Question: With housing prices the way they are, we’re wondering if it’s more affordable to build a new, smaller home for my mom when she downsizes instead of buying an existing home.
Answer: The reality of the matter is that it’s a hard question to answer. House prices are currently going wild, with many homes up more than 25% over the last year.
There’s a specific type of challenge that isn’t usually the case in a normal market: access to land. Land developers are fighting to buy and build homes, and it’s often hard to come by a plot of land to build on. It’s especially the case in bigger cities.
Many city neighbors are having old houses torn down that are being rebuilt with bigger, more modern homes. However, the downside is that if you can actually come across a piece of land like this, it will be expensive.
The economics simply means it’s a much better financial decision to build something bigger on a piece of land in the city. It’s where big money traditionally moves. The house prices near the city center are the ones that will start climbing the soonest.
There is a better case for building a new home on the outskirts of town, or perhaps even further out than that. Senior living should be about making sure you actually have the features you’re looking for. However, it doesn’t traditionally mean that it’s necessarily the right choice to build new. Building new is often done to satisfy certain needs.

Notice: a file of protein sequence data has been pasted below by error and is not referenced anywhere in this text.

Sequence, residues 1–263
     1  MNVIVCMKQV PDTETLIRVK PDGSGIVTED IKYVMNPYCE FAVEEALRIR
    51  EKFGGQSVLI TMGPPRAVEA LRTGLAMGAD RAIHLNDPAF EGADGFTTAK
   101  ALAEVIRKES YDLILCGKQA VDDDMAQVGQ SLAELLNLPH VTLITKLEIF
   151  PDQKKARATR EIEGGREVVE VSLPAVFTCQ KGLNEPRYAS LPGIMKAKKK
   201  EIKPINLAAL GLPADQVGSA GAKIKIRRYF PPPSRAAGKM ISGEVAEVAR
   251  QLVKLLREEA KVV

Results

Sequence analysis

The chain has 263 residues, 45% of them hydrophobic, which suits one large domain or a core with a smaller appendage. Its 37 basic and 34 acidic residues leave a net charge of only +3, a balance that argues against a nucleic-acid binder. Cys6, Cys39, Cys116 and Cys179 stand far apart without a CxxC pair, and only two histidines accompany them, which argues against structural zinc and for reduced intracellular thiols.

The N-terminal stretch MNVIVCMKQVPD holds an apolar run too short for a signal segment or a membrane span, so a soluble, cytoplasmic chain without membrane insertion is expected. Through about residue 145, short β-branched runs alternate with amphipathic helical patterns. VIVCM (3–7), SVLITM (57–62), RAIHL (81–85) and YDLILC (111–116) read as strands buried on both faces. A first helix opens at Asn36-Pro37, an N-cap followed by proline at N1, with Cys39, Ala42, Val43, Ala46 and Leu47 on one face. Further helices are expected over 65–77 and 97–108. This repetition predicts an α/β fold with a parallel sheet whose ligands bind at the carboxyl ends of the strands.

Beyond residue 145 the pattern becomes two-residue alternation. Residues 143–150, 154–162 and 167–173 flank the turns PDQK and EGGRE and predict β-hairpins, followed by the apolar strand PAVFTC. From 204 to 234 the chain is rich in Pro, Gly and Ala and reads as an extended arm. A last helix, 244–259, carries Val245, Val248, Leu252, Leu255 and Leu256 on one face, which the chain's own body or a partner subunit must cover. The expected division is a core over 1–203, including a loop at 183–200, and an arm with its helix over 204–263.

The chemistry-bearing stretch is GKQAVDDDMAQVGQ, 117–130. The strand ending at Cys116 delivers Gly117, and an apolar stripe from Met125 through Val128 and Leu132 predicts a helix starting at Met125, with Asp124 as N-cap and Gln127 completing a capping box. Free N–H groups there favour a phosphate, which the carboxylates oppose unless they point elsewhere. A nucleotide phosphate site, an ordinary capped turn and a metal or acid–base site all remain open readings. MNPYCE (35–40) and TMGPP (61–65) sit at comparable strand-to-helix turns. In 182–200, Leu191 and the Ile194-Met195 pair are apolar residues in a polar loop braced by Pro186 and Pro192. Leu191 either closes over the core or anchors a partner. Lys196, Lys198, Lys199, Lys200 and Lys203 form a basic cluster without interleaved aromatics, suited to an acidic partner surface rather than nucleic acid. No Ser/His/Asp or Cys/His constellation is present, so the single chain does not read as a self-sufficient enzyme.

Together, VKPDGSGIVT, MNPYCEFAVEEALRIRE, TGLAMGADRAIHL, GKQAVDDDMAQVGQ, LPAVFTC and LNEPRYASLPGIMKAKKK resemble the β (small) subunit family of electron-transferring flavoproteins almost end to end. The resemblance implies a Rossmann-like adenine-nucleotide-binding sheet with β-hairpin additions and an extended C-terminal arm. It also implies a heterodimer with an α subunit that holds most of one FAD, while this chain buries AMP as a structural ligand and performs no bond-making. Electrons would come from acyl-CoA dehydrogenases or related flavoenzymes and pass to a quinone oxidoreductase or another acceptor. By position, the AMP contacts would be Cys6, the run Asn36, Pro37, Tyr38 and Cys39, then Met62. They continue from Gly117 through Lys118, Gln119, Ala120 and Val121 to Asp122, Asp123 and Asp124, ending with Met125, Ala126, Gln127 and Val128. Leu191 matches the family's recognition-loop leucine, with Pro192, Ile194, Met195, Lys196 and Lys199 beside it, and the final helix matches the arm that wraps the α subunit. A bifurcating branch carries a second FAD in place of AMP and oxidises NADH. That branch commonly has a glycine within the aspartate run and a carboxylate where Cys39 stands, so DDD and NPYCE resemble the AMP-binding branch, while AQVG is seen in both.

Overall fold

Think about this: Newly built homes will traditionally come at a premium of about 30%. What does that mean in terms of math? Let’s assume your senior parent wants a house of about 1,300 square feet. Some may find this excessive; others will not. In the neighborhood I live in, that would cost you about $350,000 for a home that’s roughly 15 to 20 years old.
With a premium of 30%, you would spend roughly $455,000 on that house if it were built today. The numbers may vary by region, but that’s an approximation. Now, it’s up to you to figure out if you could convert the 15-year-old home into the dream senior house for less than the difference.
When you start adding smart features to a house, the price of the renovation goes up fast. The question of whether it’s cheaper to buy or build a home really comes down to the availability of homes in your area that fit the necessary criteria—and whether you can remodel for less.
At least in my area, I’d argue it’s cheaper to remodel an existing home than it is to build a new one.